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Morning Rounds Shraddha Chakradhar

Good morning! Reporter Eric Boodman here, filling in for Shraddha. 

Trump to roll out drug pricing executive order

President Trump announced late last week there would soon be an executive order ensuring that the U.S. wouldn’t pay more than the lowest price offered to either a company or a developed country — what’s sometimes referred to as a “favored nations” policy. He didn’t specify how this proposal differed from a possible White House pilot program in which certain physician-administered drugs would be priced according to average amounts taken from an international index. Health secretary Alex Azar has warned that tying U.S. drug prices to those overseas might cause companies to avoid foreign markets. While Trump has talked a lot about high drug costs, his administration has yet to enact its most aggressive reforms on that front, though a rule requiring pharma companies to disclose list prices in TV ads will take effect later this month.

The side effects of synthetic marijuana on the teenage brain

To parents, it might not come as a surprise that reports of adverse effects haven’t stopped more and more teenagers from trying synthetic pot. The stuff is not as innocent as it might seem: Some researchers report that many more patients of all ages seek emergency medical help after ingesting the lab-made stuff than those who’ve taken garden-variety marijuana. To zoom in on the toll that the two substances are taking on the adolescent brain, scientists looked at the data of 348 13- to 19-year-olds from 2010 to 2018. In a new study, they found that the kids who’d only taken synthetic cannabinoids were more likely to slip into comas, show generalized slow-downs in their nervous systems, or have seizures than those who’d only taken natural cannabis, but were less likely to be agitated.

Study confirms racial disparities in triple-negative breast cancer

In studying and treating breast cancers, doctors look for three common molecular signatures, which are used as targets for therapy. Cancers in which they aren’t present — known as triple-negative tumors — can often be aggressive and tricky to treat. A new study of over a million cases of breast cancer in the United States from 2010 to 2014 confirmed what other, smaller studies have suggested: Such diagnoses are significantly more common among black and Hispanic women than they are in white women. In addition, those between 50 and 64 were about half as likely to be found to have triple-negative breast cancer than those under 40. Knowing who is at higher risk for such tumors — and which factors might influence that risk — could be helpful, the study authors say, in monitoring and treating the disease.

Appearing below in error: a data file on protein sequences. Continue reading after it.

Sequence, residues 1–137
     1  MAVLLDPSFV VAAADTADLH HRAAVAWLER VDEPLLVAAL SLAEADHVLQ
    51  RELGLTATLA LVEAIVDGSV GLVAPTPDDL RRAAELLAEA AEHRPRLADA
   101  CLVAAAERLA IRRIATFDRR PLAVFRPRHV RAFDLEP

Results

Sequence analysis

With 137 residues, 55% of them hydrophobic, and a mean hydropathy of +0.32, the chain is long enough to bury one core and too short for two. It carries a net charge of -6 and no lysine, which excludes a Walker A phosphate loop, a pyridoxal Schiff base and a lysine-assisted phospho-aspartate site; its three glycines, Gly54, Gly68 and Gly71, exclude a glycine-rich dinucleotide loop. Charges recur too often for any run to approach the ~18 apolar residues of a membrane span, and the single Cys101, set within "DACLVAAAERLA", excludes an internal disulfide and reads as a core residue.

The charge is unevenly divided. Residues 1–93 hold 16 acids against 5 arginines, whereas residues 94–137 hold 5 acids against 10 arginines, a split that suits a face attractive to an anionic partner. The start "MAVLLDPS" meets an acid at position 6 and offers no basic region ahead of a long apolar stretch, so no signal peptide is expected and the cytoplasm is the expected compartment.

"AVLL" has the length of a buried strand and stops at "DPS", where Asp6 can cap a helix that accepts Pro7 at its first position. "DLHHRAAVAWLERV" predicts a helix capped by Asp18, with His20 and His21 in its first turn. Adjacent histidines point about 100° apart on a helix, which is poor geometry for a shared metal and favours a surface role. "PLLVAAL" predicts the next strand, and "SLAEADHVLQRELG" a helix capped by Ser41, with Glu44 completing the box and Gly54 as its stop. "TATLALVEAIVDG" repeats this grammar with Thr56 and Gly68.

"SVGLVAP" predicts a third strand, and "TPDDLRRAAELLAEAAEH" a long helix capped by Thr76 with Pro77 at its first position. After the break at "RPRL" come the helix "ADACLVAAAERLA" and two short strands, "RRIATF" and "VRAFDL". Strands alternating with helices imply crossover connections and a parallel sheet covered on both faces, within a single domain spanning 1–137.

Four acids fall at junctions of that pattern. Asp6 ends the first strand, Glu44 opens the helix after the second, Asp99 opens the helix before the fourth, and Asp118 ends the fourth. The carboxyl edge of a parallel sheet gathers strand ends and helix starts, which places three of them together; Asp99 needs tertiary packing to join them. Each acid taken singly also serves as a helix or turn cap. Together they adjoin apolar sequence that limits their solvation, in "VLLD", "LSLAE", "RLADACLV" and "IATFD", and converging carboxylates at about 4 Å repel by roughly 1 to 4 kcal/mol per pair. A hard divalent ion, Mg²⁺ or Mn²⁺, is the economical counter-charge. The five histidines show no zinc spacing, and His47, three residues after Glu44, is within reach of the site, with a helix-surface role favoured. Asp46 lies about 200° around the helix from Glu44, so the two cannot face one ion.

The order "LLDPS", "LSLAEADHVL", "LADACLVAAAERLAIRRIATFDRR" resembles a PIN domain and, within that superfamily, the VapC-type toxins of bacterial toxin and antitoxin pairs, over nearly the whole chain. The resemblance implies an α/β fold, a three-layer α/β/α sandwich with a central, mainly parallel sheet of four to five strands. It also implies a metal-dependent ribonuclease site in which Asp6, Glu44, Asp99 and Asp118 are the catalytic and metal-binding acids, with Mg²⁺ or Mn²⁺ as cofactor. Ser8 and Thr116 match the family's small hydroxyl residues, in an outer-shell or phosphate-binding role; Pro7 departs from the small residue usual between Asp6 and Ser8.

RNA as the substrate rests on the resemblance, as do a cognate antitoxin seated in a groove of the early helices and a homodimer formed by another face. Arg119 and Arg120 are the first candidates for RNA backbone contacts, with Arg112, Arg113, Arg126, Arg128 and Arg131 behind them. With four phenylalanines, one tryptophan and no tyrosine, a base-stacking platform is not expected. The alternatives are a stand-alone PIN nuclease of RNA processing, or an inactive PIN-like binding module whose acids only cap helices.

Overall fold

Inside STAT: A misshapen heart, and a mysterious inheritance of disease-causing genes


(Dom Smith/STAT)

To her family, Tatiana Legkiy seemed healthy at birth. But when a pediatrician listened to her heart, the rhythm wasn’t right. The muscle, it turned out, hadn’t formed correctly and was having trouble pumping blood. Medications corrected the cadence — but her doctors were intrigued to see that her 4-year-old sister had a similarly misshapen heart and that their dad had a very mild version. If the issue was genetic, why was it so severe in the kids and so minor in their father? Over 10 years later, scientists have found the answer — one that sheds light on the strange paths inherited mutations can take. STAT’s Andrew Joseph has the story here.

Search continues for American molecular biologist who went missing in Crete

Greek authorities are searching for Suzanne Eaton, an American molecular biologist who went missing last week from a conference outside Chania, on the island of Crete. Eaton runs a lab at the Max Planck Institute, in Dresden, Germany, which focuses on the molecular signals that help tissues to form during development. The Associated Press reported that the 59-year-old is thought to have gone for a run last Tuesday afternoon and never returned. According to a Facebook page set up to coordinate the search, police officers and firefighters have said they’ll be combing the rocky terrain with dogs and a helicopter, while her family has posted surveillance footage online, in case someone is able to spot the bright pink shirt she was likely wearing.

Do health care professionals associate certain medical fields with men or women?

Since 1999, the number of female medical students in the United States has nearly equaled that of males, and two years ago, for the first time, there were more women than men. But faculty appointments haven’t mirrored that trend, especially in surgery. To measure implicit bias among health care professionals, researchers at Washington University in St. Louis asked people to sort words as fast as possible into categories. If you were quicker to pair “male” with “career” than you were “female,” that was understood as a hint of an unspoken association. No matter their gender, race, professional title, or region of origin, 131 surgeons showed strong implicit associations of men with surgery and women with family medicine. But when asked explicitly, men were more likely than women to express such an association.

What to read around the web today

  • Digital jail: How electronic monitoring drives defendants into debt. ProPublica and The New York Times Magazine
  • The rise of Big Sperm: does the tech world have the answer to our semen crisis? The Guardian
  • The promises and pitfalls of gene sequencing for newborns. NPR
  • My psychedelic trip out of depression. Undark
  • Five couples lined up for CRISPR babies to avoid deafness. New Scientist

Thanks for reading! More tomorrow,


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Monday, July 8, 2019


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